2021 New Crown News: According to Worldometer real-time statistics, as of around 6:30 p.m. Beijing time on September 4, the cumulative number of confirmed cases of New Crown pneumonia worldwide exceeded 220 million cases, and the cumulative number of deaths exceeded 4.56 million cases, according to a report on September 4. The global single-day new confirmed cases exceed 700,000 cases, and more than 10,000 new deaths. The data also show that the United States, India, the United Kingdom, Iran, and Brazil are the five countries with the highest number of new confirmed cases. The United States, Mexico, Brazil, Russia, and Indonesia are the five countries with the highest number of new deaths. At a time when the global New Coronavirus outbreak continues to spread, the New Coronavirus has mutated again and has infected 39 countries.
According to data from the Global Initiative for Shared Influenza Data (GISAID), more than 4,500 mu (Mu) strain sequences have been recorded in 39 countries worldwide as of Aug. 29, according to a Sept. 4 report. The United States reported 2,065 cases of the Mu strain, far more than any other country, with Colombia, in second place, reporting 852 cases. The World Health Organization’s weekly global outbreak report released on August 31 noted that WHO named the new coronavirus B.1.621 as the Mu strain and on August 30 classified it as a variant of “interest,” which is lower than the Delta strain, which is a variant of “concern. The strain is classified as a “variant of interest” on August 30, which is lower than the “variant of concern” for the Delta strain. Preliminary data show that the Mew strain is similar to the Beta strain in that it weakens antibody efficacy. The weekly report also describes that the Mew strain was first confirmed in Colombia in January 2021.
According to WHO criteria, a “variant of interest” is one that possesses genetic mutations that affect the ability of the virus to spread, the severity of symptoms and immune escape. It is different from a “variant of concern,” which refers to a variant that can lead to a reduction in the effectiveness of public health strategies, vaccines or therapies. According to WHO, the Mew strain is considered a “variant of interest” because it possesses specific mutations that need to be studied for their potential impact on the human immune response, and data shared by the WHO Working Group on Virus Evolution suggest that immunity from prior infection or vaccination may not be as strong against this variant as it is against the original strain. the original strain, and further studies are needed to confirm this.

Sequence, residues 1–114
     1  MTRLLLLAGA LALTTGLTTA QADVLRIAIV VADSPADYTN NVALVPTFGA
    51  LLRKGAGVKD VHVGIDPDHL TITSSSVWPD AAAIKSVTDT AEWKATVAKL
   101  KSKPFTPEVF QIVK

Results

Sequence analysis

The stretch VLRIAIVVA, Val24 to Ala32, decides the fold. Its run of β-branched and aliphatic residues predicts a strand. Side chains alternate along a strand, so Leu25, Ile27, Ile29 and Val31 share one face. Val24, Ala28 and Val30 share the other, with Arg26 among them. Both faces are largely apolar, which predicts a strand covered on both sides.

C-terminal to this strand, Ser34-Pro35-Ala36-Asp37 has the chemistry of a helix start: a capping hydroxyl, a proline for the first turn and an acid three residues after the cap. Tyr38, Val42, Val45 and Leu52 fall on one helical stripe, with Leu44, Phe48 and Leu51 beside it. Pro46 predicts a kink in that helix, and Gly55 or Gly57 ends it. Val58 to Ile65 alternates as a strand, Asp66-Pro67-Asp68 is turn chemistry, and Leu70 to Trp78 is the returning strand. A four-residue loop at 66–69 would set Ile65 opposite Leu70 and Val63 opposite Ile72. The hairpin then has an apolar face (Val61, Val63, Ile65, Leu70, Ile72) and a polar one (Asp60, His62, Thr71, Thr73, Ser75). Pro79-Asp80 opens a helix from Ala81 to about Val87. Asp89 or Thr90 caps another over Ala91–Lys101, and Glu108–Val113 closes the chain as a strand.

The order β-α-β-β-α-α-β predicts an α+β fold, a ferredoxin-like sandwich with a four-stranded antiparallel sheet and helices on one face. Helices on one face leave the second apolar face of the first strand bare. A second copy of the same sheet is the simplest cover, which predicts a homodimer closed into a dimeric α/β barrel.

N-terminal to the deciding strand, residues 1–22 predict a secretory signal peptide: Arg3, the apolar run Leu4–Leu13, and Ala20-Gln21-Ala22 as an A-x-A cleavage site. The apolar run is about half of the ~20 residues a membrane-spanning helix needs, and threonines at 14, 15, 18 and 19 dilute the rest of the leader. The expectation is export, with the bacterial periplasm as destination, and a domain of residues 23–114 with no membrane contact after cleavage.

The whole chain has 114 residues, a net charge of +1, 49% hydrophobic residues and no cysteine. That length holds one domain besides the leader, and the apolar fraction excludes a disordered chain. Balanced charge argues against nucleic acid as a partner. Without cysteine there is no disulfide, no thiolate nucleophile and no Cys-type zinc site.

It is understood that the new coronavirus variant strain, Mew, is the indigenous variant strain found in the country, as confirmed by the Ministry of Health on September 2, local time in Colombia. The earliest patients infected with the strain date back to January of this year. Although the United States has the highest number of infections, some experts in the United States are unconcerned about this virus. Vanderbilt University professor and infectious disease expert Schaffner said that the mu strain was discovered in January this year, but only now was included in the list of variants “to watch out for”, is not very worrying, it is unlikely to exceed the severity of Delta virus. In addition, Johns Hopkins University Center for Health and Safety epidemiologist Adalia also believes that new mutant viruses will continue to be produced, and there is no reason to panic about mu mutant strains for the time being.
It’s worth noting that Mu is the fifth “variant of interest” listed by the WHO, with other “variants of interest” including Eta, Iota, Kappa and Lambda, according to The Hill. lambda. Lambda was first discovered in Peru, South America, and Iota was first discovered in the United States last November. In addition, the WHO currently lists four new coronavirus variants as “variants of concern”: the alpha variant, which has been seen in 193 countries, the beta variant, which has been seen in 141 countries, the gamma variant, which has been seen in 91 countries, and the delta variant, which has been seen in 170 countries. The WHO classified the Delta variant as a “variant of interest” in early April and as a “variant of concern” on May 11.